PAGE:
Diabetes results when sugar (glucose) gets trapped in the blood, instead
of being taken up by cells and stored or used for energy. People with diabetes
often feel tired, thirsty, or need to urinate frequently.
High levels of sugar in the blood can be toxic to certain organs in the
body. Over time it can lead to kidney failure or blindness. In severe
cases, patients may have problems with blood circulation, leading to heart
disease and stroke, or even amputation of a limb.
What Causes Diabetes?
The body needs energy to use during daily activities. The body gets that
energy when food is converted into glucose (a form of sugar) that is dumped into the bloodstream.
When a person eats a meal, an organ called the pancreas secretes the hormone insulin. Insulin
encourages cells to drink up the new sugar or glucose circulating in the blood. They can use it for energy, or store it to use later.
People with type 1 diabetes don't make any insulin. People with type 2 diabetes make
insulin, but their cells do not respond to it very well. In both cases, the amount of sugar
circulating in the blood raises to toxic levels.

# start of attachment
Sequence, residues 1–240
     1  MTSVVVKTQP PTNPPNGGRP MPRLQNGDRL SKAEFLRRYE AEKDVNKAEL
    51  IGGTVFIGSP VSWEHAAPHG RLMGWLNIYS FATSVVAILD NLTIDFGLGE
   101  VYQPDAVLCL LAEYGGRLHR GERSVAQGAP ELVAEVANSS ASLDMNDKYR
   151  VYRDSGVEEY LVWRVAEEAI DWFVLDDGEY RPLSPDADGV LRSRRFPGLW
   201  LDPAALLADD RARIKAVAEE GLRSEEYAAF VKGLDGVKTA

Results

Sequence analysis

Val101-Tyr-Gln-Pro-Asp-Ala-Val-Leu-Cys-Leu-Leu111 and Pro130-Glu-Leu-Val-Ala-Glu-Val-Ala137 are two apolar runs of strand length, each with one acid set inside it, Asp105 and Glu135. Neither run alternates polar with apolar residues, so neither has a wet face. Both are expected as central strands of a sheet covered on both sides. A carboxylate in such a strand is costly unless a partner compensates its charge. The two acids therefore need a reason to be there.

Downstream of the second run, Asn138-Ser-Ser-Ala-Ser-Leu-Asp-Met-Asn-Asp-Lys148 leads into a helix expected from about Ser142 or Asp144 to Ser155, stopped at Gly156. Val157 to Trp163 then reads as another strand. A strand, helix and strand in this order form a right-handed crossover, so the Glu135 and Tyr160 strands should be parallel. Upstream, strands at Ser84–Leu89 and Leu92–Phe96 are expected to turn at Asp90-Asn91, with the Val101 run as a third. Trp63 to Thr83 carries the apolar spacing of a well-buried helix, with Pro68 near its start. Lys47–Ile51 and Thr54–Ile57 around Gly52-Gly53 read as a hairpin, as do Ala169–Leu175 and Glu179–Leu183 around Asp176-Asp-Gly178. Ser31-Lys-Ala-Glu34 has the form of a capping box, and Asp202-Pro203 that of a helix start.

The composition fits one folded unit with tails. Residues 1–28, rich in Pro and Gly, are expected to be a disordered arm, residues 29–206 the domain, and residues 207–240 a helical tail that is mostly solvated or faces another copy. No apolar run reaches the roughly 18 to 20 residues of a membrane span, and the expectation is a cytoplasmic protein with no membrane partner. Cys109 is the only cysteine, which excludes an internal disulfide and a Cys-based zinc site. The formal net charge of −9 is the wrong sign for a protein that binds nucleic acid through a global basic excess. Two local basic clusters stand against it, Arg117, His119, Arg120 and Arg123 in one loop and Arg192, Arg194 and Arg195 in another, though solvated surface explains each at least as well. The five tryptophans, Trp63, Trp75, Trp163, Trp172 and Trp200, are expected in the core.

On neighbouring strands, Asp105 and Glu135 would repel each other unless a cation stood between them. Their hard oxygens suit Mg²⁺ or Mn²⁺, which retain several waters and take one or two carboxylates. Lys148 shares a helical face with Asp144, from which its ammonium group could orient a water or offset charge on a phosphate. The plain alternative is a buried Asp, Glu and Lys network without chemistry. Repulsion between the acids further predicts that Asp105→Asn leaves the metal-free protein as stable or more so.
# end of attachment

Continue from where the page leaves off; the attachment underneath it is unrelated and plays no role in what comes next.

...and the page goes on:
Who's At Risk?
Diabetes is influenced by many genes and environmental factors. If type 2
diabetes runs in your family, you may have inherited factors that make you more susceptible
to this disease.
A major risk factor for developing type 2 diabetes is obesity. Obesity
causes a person's cells to forget how to use insulin (the hormone that signals cells to take up sugar).
The rate of Type 2 diabetes is rising dramatically among teenagers and young adults in the United
States, mirroring increasing rates of obesity.
Age of Onset
Under 30 years
Over 30 years
People with type 1 diabetes require shots of insulin to lower their blood sugar.
People with type 2 diabetes reduce blood sugar levels by modifying their diet
and increasing their physical activity. Medication may also be required.
Reducing The Risk
The best way to reduce your risk of developing type 2 diabetes is to stay active. Physical
activity helps you maintain a healthy weight, and it helps your cells use insulin more
effectively. Proper nutrition will help you maintain a healthy body weight as well.
Genetic Science Learning Center. (2013, September 1) Diabetes.
Retrieved October 20, 2016, from http://learn.genetics.utah.edu/content/history/diabetes/
Diabetes [Internet]. Salt Lake City (UT): Genetic Science Learning Center; 2013
[cited 2016 Oct 20] Available from http://learn.genetics.utah.edu/content/history/diabetes/